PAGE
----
Back in April Phil Morettini posted a really sensible piece on his PJM Consulting blog about managing the growth curve. I have spoken on this subject myself at conferences and seminars in the past, but, in recent times I’ve focussed on other subjects. Phil’s post made the rounds again this month and prompted me to revisit the subject.
While I like his approach, my take on the subject hinges on an additional observation. Critically, the shape of the growth curve has changed over time. As the introduction of new technology has accelerated, so too has the rate of change adding vastly to the potential agility of businesses. This all helps leaders get innovation to market quicker, which serves to steepen initial growth. However, it also enables followers to catch up even faster.
Think about what this means to you. With competitors breathing down your neck, the cost of all that research and new product development has to be recouped sooner than ever before. When competitive products arrive on the shelves things start to get tough, so the threat to your growth arrives sooner and you want to have your initial investment largely covered by then. When competition arrives sales will usually flatten and soon start to decline proportionate to the quality and number of the competitors.
What this highlights more than anything else is the need to maximise the efficiency of your organisation. An efficient organisation will have more great new ideas and get them to market quicker. It will also sell more in a shorter period of time and the key to efficiency is having a strong brand.
One of the most significant benefits of a strong brand is focus. A business with strong brands will have employees that fully understand the brand promise and the role they can play in its delivery. This means that innovations will be more appropriate with ideas that don’t accurately represent the brand being thrown out earlier. This in turn means time, human resource and investment are available to back the winners, quickening the pace of development of ideas and adding to the robustness of product concepts that go all the way. The last play in the product launch scenario though is getting it into the homes of consumers and anybody will recognise the role that a strong brand plays here.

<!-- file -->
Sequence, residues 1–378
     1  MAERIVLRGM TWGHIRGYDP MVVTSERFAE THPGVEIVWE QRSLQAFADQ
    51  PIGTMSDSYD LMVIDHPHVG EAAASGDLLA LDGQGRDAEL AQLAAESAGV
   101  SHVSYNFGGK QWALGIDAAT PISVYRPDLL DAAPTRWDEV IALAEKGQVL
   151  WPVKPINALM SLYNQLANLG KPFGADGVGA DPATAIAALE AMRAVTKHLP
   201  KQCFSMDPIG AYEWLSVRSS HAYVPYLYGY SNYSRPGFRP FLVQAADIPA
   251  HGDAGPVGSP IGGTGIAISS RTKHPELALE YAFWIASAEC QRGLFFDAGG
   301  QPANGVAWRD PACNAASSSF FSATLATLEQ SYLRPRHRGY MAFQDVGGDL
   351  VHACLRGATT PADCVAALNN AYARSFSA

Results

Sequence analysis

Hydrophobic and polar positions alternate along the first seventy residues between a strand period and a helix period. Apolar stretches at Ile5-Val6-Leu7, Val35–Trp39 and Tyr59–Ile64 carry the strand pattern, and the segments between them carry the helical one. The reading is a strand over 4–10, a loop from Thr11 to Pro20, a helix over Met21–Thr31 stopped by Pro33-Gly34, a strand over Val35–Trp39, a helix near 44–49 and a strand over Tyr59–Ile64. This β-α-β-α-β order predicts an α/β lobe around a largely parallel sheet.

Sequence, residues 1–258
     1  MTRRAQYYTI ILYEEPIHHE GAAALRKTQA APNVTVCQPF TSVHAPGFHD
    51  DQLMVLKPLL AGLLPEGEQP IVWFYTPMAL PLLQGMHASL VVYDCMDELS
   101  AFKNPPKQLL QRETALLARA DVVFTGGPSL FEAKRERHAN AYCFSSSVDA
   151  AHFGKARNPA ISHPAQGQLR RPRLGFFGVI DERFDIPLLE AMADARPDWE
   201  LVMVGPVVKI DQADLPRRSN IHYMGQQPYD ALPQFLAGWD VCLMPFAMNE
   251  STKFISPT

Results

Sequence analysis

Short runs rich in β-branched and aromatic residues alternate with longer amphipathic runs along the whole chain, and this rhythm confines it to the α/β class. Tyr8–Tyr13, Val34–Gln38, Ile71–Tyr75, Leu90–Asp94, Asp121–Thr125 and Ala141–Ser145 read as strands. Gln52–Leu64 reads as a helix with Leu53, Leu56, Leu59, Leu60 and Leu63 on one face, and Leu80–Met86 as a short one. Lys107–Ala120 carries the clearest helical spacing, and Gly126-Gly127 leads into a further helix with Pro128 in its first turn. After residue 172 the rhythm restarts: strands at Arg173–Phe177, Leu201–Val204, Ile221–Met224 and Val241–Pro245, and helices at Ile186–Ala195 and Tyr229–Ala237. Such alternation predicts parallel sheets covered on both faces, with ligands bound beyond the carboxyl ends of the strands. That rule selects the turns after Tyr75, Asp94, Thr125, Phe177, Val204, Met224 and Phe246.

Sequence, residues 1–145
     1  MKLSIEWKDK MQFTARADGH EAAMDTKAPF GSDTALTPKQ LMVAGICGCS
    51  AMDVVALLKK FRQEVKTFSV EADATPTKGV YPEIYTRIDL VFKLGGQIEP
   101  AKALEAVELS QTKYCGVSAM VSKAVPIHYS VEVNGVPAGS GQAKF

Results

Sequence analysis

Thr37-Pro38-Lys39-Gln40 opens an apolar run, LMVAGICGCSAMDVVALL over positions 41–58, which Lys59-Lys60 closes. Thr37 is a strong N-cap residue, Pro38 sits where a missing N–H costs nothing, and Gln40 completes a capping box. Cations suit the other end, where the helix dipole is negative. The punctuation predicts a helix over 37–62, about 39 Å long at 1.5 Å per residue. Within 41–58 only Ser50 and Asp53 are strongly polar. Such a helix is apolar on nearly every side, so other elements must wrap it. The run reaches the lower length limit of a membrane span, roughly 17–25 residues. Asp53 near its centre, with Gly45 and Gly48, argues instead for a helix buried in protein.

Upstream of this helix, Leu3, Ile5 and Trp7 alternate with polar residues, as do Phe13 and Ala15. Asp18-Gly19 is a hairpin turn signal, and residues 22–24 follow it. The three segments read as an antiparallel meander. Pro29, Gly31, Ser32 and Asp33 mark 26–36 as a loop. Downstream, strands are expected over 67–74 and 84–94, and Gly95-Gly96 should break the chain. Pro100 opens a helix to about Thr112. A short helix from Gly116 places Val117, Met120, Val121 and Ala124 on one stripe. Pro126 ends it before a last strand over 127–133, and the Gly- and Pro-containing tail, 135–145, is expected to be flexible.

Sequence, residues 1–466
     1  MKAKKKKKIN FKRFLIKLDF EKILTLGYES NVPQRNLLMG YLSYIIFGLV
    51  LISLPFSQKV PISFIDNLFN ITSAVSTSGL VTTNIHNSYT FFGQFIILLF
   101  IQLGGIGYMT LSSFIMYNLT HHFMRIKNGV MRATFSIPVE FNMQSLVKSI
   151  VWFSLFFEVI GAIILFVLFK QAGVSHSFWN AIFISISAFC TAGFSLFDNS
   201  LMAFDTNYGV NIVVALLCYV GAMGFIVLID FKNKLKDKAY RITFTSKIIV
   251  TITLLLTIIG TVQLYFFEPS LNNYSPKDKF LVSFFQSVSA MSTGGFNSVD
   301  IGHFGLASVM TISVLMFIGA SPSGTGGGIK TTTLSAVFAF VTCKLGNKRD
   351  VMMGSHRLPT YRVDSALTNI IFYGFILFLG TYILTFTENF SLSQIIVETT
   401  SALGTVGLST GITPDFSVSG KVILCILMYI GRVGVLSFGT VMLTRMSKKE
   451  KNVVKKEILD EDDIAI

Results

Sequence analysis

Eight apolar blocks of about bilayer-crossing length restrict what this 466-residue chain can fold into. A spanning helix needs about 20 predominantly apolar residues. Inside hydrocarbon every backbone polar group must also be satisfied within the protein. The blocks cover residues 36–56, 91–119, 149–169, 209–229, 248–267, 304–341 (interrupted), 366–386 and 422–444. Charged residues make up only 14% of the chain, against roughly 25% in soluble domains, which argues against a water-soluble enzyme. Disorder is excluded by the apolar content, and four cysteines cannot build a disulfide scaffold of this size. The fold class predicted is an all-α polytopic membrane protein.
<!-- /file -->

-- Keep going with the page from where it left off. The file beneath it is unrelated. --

One of the greatest assets of a strong brand is familiarity. People know its name and they understand the promise it makes. It won’t hold any bad surprises and consumers trust its consistency. It offers the reassurance that makes any new product that carries its logo more readily acceptable to existing customers, hence, fewer obstacles to the purchase.
The “knowing and trusting” aspect also manifests itself in the readiness of customers to recommend it. So all your existing customers banging your drum every aspect of your advertising at every stage of the path to purchase will be far more effective and bring a far greater return.
As a recent European survey revealed, the majority of shoppers around the world are not motivated primarily by price. This has come as a bit of a surprise to some people and a great many retailers in particular that I encounter fall into the trap of responding to competitive pressure by reducing prices. They get an immediate business up-lift of course, but it’s a fool’s paradise that ultimately introduces uncertainly into the relationship with customers and in the long term reduces both revenue and profit.
You should never forget that the keys to success are a) the consistency that fuels the feelings of knowing and trusting that drives both sales and recommendations. This also drives b) the efficiency that will enable you to get the right innovations to market quicker, at less cost, sell more in a shorter period of time whilst reducing reliance on expensive, traditional advertising. That’s how your brand influences the shape of your sales curve.
Posted: December 11, 2014
My post back in March this year where I explored the demise of Abercrombie and Fitch has proven to be one of my most popular ever. So, I guess it’s fitting that I should acknowledge the news today that the beleaguered retailer has finally managed to dispose of its founder and CEO Michael Jeffries. Does this mean they’ll now be able to fix their business?
Frankly, and not because the I owe them for the traffic that my previous piece generated on my blog, I hope it does. Having largely avoided American chain stores in the past I’ve been keeping an eye on this retailer as well as a few others and even bought stuff there. Maybe A&F have been making a few small changes along the way, or maybe the gym membership is paying off, but at least the stuff on their shelves seems to fit me these days!